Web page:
It is difficult for Americans to understand the significance of decentralization in a country such as Kenya. Since the beginning, the US system has been decentralized. There are 50 states plus the District of Columbia, counties, cities, townships, school districts, and even cross-boundary government entities such as metropolitan transit authorities. We are taught about this in civic education classes in school and deal with its ramifications continuously. It seems to us the normal, correct method of government. It, of course, spreads power out and allows local communities and states to decide local issues on their own. As a result, in the United States, there are widely different ways that various issues –from taxation to abortion — are handled.

A colonial ruler, such as Britain, does not want the messiness of decentralization and needs to control everything from a powerful center in the capital. This usurps any possible contending power bases, particularly in the periphery. One of the main problems with the Democratic Republic of the Congo is that the Belgians installed a centralized system for that country which is as big as the US east of the Mississippi and the center of the country is an impenetrable forest. As a result, the eastern Congo is attached more closely to East Africa than it is to its own capital in Kinshasa — the only method of going from the eastern Congo to Kinshasa is by airplane. It is no wonder that the eastern Congo is misruled.

At independence in 1963, Britain bequeath this centralized system to Kenya, even though the smaller tribes on the periphery wanted a more decentralized system. During Jomo Kenyatta presidency for the first fifteen years of independence, this centralization was increased until the center controlled the total government. This included the security forces, the provincial administration, parliament, the courts, the electoral commission, and so on. All decisions emanated from Nairobi.

This resulted in a strong movement to decentralize. In Kenya, this is called “devolvement” or “devolution.” In 2002 Mwai Kibaki campaigned on a platform of devolution of the centralized government, but as soon as he won the election, he reneged on this pledge as he found total power — now that he had it — to be quite congenial. In 2005 there was an attempt to adopt a new devolved constitution but. When the Kibaki government removed all the aspects of devolution from the proposed constitution, the proponents of devolution united to defeat this constitution. A second successful attempt was made in 2010 – this turned the nine centrally controlled provinces into 47 counties, each with a governor and legislature. In the 2013 election, these governors were elected and devolution began.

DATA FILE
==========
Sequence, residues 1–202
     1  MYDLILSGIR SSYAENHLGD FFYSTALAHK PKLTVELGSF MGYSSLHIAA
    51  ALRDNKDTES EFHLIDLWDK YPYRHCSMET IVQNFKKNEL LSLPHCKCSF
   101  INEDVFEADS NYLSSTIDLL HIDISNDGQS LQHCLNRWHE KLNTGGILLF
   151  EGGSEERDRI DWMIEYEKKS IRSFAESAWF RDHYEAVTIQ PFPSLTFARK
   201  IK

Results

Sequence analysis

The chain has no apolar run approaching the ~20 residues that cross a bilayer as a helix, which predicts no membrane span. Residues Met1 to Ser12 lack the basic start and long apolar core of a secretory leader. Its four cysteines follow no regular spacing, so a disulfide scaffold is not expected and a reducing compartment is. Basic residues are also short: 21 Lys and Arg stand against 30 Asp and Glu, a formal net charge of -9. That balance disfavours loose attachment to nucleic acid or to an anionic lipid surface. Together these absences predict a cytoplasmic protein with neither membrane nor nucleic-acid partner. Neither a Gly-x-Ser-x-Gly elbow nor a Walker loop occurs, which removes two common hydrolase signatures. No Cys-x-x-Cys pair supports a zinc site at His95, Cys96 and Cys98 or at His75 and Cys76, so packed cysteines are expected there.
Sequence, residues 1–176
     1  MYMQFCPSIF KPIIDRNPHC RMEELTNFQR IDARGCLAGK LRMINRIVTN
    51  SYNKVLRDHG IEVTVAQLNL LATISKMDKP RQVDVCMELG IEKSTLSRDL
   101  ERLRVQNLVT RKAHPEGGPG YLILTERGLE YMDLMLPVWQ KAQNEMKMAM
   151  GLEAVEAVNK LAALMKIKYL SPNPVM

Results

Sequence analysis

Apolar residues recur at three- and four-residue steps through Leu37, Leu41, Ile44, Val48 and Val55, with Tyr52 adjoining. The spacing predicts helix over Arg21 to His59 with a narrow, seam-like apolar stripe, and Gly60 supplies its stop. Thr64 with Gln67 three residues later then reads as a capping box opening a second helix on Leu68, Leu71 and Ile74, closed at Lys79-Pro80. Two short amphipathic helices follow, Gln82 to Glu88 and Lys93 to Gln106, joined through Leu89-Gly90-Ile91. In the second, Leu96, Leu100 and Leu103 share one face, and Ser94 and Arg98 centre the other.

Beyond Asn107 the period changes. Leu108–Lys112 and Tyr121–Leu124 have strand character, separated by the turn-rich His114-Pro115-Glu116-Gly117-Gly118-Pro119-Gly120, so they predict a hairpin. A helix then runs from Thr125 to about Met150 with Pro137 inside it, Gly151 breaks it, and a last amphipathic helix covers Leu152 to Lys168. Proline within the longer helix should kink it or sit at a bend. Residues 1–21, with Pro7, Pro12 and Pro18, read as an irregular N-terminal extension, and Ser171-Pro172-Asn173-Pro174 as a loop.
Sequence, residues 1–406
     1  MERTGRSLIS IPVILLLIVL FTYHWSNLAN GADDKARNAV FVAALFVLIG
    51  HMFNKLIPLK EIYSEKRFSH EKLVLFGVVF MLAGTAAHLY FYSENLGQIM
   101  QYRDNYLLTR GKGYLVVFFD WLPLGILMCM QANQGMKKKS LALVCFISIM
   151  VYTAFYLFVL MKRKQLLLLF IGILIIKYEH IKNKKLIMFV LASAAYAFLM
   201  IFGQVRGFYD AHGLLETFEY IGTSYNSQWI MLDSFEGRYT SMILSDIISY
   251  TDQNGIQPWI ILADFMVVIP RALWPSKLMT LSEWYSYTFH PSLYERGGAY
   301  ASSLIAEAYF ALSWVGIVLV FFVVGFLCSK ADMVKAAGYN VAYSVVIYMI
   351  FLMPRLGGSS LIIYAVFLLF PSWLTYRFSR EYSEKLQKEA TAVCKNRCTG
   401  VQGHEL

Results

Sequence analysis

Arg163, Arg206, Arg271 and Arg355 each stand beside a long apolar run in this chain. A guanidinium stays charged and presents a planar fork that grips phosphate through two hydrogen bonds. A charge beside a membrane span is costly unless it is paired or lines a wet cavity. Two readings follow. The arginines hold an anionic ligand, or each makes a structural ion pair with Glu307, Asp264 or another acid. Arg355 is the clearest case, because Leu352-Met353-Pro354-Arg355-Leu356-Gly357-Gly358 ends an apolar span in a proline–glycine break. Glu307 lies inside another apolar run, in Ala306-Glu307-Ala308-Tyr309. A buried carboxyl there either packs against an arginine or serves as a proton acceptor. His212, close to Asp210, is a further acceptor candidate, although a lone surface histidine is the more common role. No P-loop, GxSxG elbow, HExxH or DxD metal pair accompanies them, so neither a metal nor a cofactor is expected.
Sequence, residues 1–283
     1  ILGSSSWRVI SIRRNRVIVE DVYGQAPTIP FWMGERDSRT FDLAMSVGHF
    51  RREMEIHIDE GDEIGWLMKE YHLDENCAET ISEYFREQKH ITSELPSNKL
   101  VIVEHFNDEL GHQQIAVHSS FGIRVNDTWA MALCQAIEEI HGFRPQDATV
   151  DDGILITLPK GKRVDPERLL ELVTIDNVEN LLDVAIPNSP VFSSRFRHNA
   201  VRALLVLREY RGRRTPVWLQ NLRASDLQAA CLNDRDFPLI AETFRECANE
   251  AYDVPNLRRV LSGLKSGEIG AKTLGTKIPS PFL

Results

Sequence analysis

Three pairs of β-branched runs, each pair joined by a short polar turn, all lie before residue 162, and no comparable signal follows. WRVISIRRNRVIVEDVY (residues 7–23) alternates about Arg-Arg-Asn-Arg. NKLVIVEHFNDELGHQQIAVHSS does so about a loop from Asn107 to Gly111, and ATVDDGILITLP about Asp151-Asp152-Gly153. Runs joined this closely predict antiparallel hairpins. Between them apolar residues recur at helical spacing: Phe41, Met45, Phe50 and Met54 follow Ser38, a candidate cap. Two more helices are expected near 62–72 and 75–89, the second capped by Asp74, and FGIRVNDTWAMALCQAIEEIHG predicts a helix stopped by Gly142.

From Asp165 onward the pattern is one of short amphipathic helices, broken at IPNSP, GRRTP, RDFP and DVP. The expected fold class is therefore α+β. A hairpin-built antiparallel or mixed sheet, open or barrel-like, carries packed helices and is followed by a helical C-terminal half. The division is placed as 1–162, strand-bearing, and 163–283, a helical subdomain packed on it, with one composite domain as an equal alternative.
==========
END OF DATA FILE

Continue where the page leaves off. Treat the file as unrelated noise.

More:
When we leave aside all the personalities and political parties in Kenyan politics, the real underlying issue is this fundamental change from a centralized government with total power to a decentralized one with multiple smaller power centers. The next five years before the next election is going to determine if this is successful or a bust. How is it going to date?

As can be expected, the central government does not want to give up its powers. Consequently it is doing what it can to thwart devolution. For example, even though the new constitution disbanded the provincial administration, the government has not abolished these positions, even when a court case ruled against it! Another technique has been to “starve” the counties of the funds that they need to do the work that has been allocated to them. The new senate has a senator from each county and, since the duties and powers of this new senate are not clearly defined, some people already talking of abolishing it since the senators are the force of the counties in the national government.

Yet regardless of this, there is what I consider a healthy development. Those 47 governors have become spokesmen (there are no women governors) for their counties. They are articulating what they feel are the needs of their particular county. The governors are emphasizing economic development, promotion of the appropriate agriculture, better rural roads, and other local concerns. This was not the case in the past. Interestingly enough the governors — regardless if they are from the ruling party or the opposition — are united in working together for their appropriate share of the power including adequate funding.

The future of Kenya depends on how this plays out. Since I am a grassroots kind of person, I am for decentralization. AGLI’s program in western Kenya is working, particularly in Kakamega and Bungoma counties, to see that the devolved government is implemented fairly and equitably.

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